Piranha Heights, Old Red Lion Theatre
Friday 21st November 2014
Like good wine, some plays improve with age. The first taste is sharp, and tickles the palate; further sips stimulate and impress, but the rich full flavour is only apparent after a few years in the cellar. Such is the case with Piranha Heights, Philip Ridley’s 2008 drama, which has been thrillingly revived by young director Max Barton at the Old Red Lion as the inaugural production of this fringe venue’s new artistic director, Stewart Pringle. As such, it feels like a compelling statement of intent.
Set in a top-floor flat of an East End tower block, the play begins as a domestic dispute between two fortysomething brothers, Alan and Terry. It is Mother’s Day but their mother has just died and the two men are arguing over who should live in her housing association property. But their dispute is soon complicated by two audacious swerves of the plot: first, the arrival of feral teen Medic and Lilly, a veiled girl who is apparently a Muslim war survivor. Second, the entry of Alan’s estranged and disturbed teenage son Garth.
Like Pinter on MDMA, these fresh arrivals fling a dose of energetic unpredictability into the story, which quickly explodes into a splatter of wild fantasy in which a variety of competing versions of reality rush headlong at each other. But, just when collision seems inevitable, Ridley expertly steers the game onto another, even more outlandish terrain. So Alan and Terry’s disagreements over what really happened in their childhoods spawn a grosser, more disturbing vision of teenage discontent.
What so impressive about Ridley’s writing is his stupendous imaginative range – the play is a mash-up of eclectic cultural references, from Beckett to Pinocchio, from Islam to Elvis, and from Spider Man to beheading videos – that mixes brutal cruelty with moments of sheer poetic bliss. Here the different genres of domestic drama, teen angst, sci-fi, horror and alternative reality mingle in a beautiful and powerful promiscuity. When the play premiered at the Soho Theatre in 2008, the disturbing material about decapitation seemed a touch outlandish – now it is the stuff of daily news broadcasts and widespread anxiety.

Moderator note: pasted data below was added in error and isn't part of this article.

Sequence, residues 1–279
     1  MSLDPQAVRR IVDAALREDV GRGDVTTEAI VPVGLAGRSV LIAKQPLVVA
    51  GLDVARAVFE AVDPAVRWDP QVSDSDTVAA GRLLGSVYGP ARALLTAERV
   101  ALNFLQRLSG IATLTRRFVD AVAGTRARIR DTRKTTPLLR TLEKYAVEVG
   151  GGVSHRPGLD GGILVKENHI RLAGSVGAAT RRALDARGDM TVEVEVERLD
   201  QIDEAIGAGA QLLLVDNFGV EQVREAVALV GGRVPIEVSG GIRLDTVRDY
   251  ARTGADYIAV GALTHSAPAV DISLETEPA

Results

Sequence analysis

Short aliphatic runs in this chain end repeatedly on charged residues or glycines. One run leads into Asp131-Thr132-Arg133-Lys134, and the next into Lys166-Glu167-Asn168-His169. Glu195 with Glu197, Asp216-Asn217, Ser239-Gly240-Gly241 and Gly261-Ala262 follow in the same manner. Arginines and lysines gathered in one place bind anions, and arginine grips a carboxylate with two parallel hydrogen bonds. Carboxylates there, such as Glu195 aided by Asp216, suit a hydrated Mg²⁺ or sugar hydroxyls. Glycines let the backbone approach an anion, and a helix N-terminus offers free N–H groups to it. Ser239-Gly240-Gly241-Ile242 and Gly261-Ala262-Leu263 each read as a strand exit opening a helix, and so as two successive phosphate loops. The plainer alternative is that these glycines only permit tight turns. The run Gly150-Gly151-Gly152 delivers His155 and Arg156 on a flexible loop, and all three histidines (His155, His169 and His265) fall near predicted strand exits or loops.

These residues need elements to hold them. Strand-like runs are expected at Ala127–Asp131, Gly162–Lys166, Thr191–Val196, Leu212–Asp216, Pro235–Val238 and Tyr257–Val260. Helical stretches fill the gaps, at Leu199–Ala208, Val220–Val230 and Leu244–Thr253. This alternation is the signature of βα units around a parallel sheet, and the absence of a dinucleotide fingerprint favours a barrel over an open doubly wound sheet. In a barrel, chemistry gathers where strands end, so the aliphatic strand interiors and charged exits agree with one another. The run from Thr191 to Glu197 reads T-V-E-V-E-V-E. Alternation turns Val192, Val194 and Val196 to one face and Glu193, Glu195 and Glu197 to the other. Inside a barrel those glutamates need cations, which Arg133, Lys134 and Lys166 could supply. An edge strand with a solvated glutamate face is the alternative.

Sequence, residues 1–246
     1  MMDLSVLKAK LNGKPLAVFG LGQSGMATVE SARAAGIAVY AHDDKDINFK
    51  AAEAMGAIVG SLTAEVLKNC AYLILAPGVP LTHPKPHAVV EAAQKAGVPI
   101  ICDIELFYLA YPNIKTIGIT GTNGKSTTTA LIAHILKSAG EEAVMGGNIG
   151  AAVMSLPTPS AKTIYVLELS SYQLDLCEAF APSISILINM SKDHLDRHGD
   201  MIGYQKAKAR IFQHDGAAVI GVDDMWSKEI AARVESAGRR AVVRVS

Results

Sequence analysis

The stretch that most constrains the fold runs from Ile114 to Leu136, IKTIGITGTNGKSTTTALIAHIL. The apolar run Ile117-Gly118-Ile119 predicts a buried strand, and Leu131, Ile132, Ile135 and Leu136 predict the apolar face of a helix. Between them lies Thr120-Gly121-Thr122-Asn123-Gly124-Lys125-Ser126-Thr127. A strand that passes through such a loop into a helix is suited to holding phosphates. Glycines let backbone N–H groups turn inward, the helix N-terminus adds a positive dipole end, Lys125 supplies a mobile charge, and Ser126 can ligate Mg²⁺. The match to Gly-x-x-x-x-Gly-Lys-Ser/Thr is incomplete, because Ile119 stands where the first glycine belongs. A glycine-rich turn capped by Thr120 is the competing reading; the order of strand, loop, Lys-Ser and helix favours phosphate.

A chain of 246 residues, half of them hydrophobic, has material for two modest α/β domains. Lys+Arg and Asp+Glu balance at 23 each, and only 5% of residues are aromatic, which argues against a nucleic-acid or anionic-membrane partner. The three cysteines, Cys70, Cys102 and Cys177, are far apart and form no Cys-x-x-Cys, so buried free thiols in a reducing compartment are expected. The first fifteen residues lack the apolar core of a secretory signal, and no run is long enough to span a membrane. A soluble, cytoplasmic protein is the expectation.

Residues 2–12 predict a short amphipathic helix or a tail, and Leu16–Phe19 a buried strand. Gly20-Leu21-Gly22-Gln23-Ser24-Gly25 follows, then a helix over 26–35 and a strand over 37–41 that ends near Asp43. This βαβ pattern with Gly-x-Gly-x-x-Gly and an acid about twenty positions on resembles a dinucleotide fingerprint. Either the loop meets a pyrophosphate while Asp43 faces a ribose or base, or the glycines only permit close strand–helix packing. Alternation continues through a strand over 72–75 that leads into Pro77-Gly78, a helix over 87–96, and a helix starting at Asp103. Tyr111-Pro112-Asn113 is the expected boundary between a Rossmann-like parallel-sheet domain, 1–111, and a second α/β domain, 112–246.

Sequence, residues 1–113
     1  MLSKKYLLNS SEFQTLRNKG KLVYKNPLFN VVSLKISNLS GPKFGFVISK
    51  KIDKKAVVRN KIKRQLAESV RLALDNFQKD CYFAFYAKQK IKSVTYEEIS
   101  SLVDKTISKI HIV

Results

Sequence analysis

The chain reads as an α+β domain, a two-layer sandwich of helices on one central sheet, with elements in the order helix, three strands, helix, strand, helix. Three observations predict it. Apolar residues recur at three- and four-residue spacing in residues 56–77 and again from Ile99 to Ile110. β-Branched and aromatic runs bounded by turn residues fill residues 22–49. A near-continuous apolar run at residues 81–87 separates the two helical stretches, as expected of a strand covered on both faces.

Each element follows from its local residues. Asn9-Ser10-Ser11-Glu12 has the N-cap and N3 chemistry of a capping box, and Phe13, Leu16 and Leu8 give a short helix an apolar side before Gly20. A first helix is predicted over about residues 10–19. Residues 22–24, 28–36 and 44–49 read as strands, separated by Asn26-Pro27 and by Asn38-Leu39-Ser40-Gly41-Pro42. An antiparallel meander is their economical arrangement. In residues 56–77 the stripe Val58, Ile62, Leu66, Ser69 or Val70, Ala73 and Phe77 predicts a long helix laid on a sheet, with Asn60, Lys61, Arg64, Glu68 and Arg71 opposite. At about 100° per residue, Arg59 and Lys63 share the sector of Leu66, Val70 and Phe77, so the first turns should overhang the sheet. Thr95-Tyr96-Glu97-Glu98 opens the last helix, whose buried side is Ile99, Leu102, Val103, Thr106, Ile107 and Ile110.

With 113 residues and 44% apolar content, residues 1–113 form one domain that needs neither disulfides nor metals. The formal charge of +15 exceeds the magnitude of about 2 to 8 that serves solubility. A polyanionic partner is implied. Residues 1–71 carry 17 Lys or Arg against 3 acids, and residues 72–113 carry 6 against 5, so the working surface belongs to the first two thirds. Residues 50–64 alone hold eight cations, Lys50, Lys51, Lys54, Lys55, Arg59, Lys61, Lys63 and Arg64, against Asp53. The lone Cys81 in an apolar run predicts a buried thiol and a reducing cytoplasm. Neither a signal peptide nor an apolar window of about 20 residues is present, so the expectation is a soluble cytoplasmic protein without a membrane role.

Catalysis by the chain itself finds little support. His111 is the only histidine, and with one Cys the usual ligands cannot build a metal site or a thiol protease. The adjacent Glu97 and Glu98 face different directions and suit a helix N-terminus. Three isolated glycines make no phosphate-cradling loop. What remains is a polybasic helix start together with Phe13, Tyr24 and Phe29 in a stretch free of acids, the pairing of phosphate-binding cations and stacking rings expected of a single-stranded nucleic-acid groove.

As well as being visionary, the writing style of Piranha Heights also anticipated, by almost a decade, more recent examples of surreal eclecticism, such as Alistair McDowall’s Pomona and Rory Mullarkey’s The Wolf from the Door. But although the imaginary element of Ridley’s play is often outrageously extreme, it is always firmly grounded in the emotional truth of character. Each of Ridley’s creations is both highly individual in their neediness, and at the same time symbolic of wider social problems.
The third in Philip Ridley’s informal trilogy of plays on the theme of brotherly love (the other two are Mercury Fur and Leaves of Glass), the play is an ambitious choice for any small venue and Max Barton’s terrific production positively glows with a febrile intensity which, at the show’s climax, had me quaking in my seat. Using the limited resources of this small pub venue, he nevertheless creates an unforgettably thrilling experience. Whenever I close my eyes I can still see the bright colours of the final scenes, designed by Cécile Trémolières, and hear the wind howling outside as the universe invades the flat. Magic. But there’s humour as well as provocation and wildness in this piece, and Barton explores both aspects of the work.
Barton’s cast is both enthusiastic and convincing. Alex Lowe (Alan) and Phil Cheadle (Terry) are the very different argumentative brothers while Rebecca Boey is the baby-cuddling Lilly, Ryan Gerald the hyper Medic and Jassa Ahluwalia the astonishing Garth. Although purists might object that the interval is a needless interruption to the story’s particular tempo, this is still a hot, hot, hot evening. And it remains true that plays such as this inject a real revivifying energy into the moribund naturalism that still hangs over the new writing scene. Hopefully, Pringle will stage some more of these gems. Shine on you crazy diamonds.
This review first appeared on The Arts Desk